freshidea - Fotolia
As a CISO, how do you know when it's time to fire an information security manager? C-levels tend to drop after a publicized breach, but what about the lower-level managers? And what precautions should you take when terminating information security managers, given that they have inside information about an organization's defenses and vulnerabilities? Should these employees sign nondisclosure agreements?
In the United States, employees without a written employment contract generally can be terminated for good cause, bad cause or no cause at all; this is called Employment at Will. Assuming the reason for termination has been vetted and this is the only course of action, the trick is how to terminate an information security manager who has extensive inside information about the organizations' security and vulnerabilities.
Information security professionals are generally informed when an employee is being terminated or hired. This process may be manual or triggered by an email request to the information security team to provision or terminate system access. Because security team members are familiar with the termination process for general employees, an information security manager requires a slightly different process.
If the cybersecurity manager is a risk of retaliation -- which depends on the reason for termination -- steps leading up to the exit interview must be discrete on all levels. The damage a disgruntled IT security manager can cause to an enterprise can be significant. Take every precaution to keep the eminent termination discrete. Very few individuals should have knowledge of the security manager's termination. Co-workers and friends of the information security manager should not be informed, and if they find out, they should at least be asked to remain quiet until management has determined the right course of action.
Careful preparation is required to terminate a cybersecurity manager's employment. On the day of the exit interview, HR should be prepared to escort the manager outside the building after the interview, or possibly after an opportunity to gather his or her belongings from his work area. During the exit interview, the following should occur:
- Return of any company issued mobile devices such as cell phone, tablet or laptop.
- Return of any fobs used for remote access, or physical access to restricted locations such as computer rooms or colocations.
- Return of any proximity cards or badges that provide access to parking structures, buildings, computer centers, colocations or other restricted areas.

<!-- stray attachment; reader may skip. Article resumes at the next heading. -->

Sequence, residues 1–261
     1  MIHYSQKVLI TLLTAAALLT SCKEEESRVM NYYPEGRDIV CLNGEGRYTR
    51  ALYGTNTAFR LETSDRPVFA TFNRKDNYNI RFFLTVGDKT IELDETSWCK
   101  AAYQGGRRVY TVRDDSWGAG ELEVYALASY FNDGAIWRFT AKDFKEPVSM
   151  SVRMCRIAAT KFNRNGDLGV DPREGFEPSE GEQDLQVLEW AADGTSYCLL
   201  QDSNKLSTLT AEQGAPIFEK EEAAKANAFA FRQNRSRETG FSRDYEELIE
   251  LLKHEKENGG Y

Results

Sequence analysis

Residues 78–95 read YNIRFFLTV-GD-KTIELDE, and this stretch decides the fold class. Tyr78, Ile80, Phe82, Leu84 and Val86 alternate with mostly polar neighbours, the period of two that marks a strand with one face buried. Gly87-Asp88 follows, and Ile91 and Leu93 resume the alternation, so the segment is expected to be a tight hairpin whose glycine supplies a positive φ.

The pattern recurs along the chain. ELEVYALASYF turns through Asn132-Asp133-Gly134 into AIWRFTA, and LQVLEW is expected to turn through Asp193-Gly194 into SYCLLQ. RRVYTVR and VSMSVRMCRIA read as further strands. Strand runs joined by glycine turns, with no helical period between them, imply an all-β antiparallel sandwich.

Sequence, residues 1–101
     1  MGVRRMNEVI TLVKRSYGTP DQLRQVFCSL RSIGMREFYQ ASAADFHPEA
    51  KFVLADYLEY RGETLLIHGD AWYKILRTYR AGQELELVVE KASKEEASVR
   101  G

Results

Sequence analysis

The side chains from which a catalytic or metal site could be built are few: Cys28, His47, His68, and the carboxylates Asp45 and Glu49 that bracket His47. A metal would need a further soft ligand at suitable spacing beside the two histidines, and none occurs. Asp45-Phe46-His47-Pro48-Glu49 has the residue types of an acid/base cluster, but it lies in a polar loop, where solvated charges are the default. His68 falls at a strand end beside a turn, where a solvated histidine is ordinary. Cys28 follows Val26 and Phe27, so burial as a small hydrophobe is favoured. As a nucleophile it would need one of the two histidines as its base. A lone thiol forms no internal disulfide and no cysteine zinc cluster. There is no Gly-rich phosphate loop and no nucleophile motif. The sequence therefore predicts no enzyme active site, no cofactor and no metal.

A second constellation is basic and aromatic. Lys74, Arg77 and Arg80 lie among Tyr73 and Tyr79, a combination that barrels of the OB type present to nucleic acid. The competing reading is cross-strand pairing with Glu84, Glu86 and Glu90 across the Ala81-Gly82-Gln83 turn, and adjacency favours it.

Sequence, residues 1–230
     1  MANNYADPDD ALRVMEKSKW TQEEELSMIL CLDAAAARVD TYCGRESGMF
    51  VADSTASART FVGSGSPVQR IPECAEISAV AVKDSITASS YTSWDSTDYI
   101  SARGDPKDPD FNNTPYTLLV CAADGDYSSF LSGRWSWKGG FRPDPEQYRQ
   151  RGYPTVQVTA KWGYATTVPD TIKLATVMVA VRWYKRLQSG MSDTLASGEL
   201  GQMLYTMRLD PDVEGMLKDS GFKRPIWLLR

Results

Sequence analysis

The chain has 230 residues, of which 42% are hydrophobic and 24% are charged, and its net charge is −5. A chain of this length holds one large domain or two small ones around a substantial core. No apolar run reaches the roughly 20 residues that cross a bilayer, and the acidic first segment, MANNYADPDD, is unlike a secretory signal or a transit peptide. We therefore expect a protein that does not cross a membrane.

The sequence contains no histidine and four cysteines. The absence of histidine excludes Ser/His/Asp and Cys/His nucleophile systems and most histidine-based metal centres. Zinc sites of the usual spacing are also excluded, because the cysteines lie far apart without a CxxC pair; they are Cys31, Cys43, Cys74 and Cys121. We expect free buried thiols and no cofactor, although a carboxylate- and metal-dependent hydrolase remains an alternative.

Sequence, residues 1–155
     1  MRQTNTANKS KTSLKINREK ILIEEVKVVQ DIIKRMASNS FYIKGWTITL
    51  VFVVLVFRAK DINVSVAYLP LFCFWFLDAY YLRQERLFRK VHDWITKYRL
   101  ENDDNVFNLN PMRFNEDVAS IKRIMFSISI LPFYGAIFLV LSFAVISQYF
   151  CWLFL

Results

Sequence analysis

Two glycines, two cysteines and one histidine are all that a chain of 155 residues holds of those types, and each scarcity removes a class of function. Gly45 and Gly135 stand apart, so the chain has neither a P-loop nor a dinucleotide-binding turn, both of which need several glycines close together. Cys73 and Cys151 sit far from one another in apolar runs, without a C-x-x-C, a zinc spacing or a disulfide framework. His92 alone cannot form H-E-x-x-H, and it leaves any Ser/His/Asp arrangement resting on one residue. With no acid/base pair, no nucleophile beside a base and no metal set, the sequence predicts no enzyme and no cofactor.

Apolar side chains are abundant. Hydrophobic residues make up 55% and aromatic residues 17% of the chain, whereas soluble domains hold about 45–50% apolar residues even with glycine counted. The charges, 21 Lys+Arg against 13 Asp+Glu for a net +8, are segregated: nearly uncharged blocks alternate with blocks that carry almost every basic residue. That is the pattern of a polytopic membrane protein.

- Return of any physical keys to his desk, safe, locked cabinets or doors that were restricted to information security.
- All system accounts for network, operating system, remote access, email and specific information security portals need to be disabled -- not deleted.
- Change of physical locks; cipher locks; encryption keys; and any sensitive authentications that he knows, has in possession or has control of.
All new and active employees should sign an acceptable use agreement upon hire, and on an annual basis, that not only defines acceptable uses of company resources, computing devices and information, but also includes:
- A nondisclosure agreement.
- Relinquishment of personal privacy when using company issued devices.
- Compliance to the company's information security policy.
The company can obtain the services of outside forensic specialists to ensure all information gathered to justify termination is valid and supportable, but always ensure that these specialists are objective and credible.
Employment at Will includes termination without cause, but in most states that does not include terminations because management no longer likes them due to ethnic, cultural, religious, sexual or racial differences; because they have found information on executive management indiscretions; or because they have refused to ignore vulnerabilities as directed by management due to cost or annoying factors. Have the termination justification well documented before the exit interview.
If there is insufficient evidence to support termination, give the information security manager a paid leave of absence, removing all access as if it were a termination until a final conclusion is reached.
Ask the Expert:
Have questions about enterprise security? Send them via email today. (All questions are anonymous.)
Discover how to improve security by limiting privileged accounts
Learn how and when to end a vendor contract securely
Find out if new hires are required to have security certifications
Dig Deeper on Information security program management
Related Q&A from Mike O. Villegas
As ransomware continues to surge, companies are faced with decisions to report the attacks, pay the ransom or both. Experts weigh in on the options ... Continue Reading
A social media security policy is necessary for most enterprises today. Expert Mike O. Villegas discusses what should be included in social media ... Continue Reading
A cybersecurity training center could help security professionals continue their education, but are the benefits worth the investment for enterprises... Continue Reading